Professor of Entrepreneurship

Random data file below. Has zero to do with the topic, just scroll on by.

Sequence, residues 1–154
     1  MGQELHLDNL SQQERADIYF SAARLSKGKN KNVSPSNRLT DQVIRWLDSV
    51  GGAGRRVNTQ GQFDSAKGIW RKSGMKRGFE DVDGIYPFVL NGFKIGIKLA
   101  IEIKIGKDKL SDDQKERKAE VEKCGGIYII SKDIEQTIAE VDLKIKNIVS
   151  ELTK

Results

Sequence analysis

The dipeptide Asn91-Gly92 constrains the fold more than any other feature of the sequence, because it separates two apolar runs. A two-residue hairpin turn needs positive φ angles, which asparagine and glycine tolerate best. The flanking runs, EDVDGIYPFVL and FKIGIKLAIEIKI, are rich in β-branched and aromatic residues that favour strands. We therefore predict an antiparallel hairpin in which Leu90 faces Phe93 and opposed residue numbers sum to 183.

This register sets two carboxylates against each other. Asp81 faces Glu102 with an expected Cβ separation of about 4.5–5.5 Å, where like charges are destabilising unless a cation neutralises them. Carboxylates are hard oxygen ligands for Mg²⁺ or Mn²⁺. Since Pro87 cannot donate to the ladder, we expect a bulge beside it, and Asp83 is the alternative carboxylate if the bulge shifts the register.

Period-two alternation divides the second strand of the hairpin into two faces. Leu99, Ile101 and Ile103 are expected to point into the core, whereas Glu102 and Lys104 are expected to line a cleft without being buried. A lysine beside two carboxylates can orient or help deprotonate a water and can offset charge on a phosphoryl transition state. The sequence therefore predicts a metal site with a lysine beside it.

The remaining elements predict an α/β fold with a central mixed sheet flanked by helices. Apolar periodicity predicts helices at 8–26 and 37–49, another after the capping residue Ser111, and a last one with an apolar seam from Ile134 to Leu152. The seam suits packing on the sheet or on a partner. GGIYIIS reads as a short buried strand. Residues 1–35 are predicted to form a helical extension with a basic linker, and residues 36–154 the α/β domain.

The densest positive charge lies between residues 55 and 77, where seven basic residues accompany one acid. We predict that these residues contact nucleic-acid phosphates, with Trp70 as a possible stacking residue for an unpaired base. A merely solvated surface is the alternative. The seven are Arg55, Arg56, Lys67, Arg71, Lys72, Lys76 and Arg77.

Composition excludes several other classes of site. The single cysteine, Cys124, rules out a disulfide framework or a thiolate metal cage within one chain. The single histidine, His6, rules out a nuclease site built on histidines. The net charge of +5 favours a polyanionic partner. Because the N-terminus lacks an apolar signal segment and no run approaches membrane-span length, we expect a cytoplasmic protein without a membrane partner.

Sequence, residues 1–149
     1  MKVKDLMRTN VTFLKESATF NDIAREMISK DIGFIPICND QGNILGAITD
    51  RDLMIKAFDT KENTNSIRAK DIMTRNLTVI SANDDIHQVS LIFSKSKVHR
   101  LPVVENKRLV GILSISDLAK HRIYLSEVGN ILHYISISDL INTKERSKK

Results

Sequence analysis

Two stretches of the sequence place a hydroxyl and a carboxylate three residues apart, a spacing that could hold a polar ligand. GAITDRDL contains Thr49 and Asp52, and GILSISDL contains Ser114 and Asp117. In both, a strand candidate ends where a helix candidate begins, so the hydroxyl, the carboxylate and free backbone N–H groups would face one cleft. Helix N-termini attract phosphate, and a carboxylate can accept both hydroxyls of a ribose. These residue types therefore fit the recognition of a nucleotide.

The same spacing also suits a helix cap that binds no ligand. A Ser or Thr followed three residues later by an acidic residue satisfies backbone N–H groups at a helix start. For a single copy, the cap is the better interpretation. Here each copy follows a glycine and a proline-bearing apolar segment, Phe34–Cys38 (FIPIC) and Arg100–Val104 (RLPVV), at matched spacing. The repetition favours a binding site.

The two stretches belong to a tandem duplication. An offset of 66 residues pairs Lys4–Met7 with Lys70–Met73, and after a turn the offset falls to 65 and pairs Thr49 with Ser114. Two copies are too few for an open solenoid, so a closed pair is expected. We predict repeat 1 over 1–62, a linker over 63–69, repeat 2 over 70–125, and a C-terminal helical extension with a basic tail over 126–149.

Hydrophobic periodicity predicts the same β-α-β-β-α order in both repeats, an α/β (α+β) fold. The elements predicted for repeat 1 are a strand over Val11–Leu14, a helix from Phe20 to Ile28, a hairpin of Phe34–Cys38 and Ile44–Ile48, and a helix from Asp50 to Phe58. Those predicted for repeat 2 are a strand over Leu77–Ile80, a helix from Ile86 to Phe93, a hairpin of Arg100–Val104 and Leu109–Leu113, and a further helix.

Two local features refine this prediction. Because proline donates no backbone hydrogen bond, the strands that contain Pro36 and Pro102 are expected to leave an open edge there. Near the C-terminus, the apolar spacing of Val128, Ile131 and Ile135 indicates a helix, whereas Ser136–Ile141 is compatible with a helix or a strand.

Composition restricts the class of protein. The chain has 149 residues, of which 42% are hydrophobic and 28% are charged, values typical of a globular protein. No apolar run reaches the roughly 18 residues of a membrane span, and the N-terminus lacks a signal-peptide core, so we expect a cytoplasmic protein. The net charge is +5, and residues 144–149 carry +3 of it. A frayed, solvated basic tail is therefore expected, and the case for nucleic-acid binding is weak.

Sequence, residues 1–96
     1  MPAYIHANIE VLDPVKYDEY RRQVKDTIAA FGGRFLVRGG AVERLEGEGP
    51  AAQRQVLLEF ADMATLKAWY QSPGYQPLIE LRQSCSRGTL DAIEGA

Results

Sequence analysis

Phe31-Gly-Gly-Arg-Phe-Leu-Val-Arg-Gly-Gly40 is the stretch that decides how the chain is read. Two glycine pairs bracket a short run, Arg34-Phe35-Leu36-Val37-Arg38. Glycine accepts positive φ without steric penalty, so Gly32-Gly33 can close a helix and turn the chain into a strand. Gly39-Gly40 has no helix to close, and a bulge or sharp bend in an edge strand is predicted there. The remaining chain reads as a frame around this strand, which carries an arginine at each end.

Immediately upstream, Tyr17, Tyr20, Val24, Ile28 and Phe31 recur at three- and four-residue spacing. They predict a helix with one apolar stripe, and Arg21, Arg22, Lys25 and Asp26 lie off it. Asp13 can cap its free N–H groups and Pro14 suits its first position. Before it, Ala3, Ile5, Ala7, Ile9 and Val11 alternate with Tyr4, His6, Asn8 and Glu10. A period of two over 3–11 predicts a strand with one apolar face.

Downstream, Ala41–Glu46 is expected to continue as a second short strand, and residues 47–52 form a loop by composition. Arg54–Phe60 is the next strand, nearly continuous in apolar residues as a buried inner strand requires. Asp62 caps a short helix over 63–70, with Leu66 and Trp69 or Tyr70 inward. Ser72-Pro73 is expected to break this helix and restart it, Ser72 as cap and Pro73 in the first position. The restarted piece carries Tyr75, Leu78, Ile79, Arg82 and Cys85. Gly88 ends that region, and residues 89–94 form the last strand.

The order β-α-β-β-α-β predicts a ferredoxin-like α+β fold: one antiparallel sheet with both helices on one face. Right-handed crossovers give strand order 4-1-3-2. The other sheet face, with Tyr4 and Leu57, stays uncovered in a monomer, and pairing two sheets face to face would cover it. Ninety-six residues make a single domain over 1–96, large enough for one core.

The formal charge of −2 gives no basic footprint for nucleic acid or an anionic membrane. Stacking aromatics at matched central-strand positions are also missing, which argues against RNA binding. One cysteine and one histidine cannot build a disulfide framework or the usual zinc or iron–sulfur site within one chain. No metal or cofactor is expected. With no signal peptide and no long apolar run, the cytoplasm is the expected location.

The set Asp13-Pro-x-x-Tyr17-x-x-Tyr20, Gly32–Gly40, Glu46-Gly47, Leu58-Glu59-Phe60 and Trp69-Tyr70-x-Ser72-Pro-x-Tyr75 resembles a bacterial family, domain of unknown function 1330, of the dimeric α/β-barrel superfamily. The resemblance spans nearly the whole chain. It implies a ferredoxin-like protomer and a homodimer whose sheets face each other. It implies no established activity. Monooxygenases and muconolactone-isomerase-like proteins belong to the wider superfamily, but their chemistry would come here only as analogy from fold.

Organizational fields undergo upheavals. Shifting industry boundaries, new network forms, emerging sectors, and volatile ecosystems have become the stuff of everyday organizational life. Curiously, profound changes of this sort receive scant attention in organization theory and research. Researchers acknowledge field-wide flux, emergence, convergence and collapse, but sidestep direct investigations of the causes and dynamic processes, leaving these efforts to political scientists and institutional economists.The authors attribute this neglect to their field's philosophical, theoretical, and methodological fealty to the precepts of equilibrium and linearity. They argue that ingrained assumptions and habituated methodologies dissuade organizational scientists from grappling with problems to which these ideas and tools do not apply. Nevertheless, equilibrium and linearity are assumptions of social theory, not facts of social life.Drawing on four empirical studies of organizational fields in flux, the authors suggest new intellectual perspectives and methodological heuristics that may facilitate investigation of fields that are far from equilibrium. They urge their colleagues to transcend the general linear model, and embrace ideas like field structuration, complex adaptive systems, self-organizing networks, and autocatalytic feedback.They recommend conducting natural histories of organizational fields, and paying especially close attention to turning points when fields are away from equilibrium and discontinuous changes are afoot.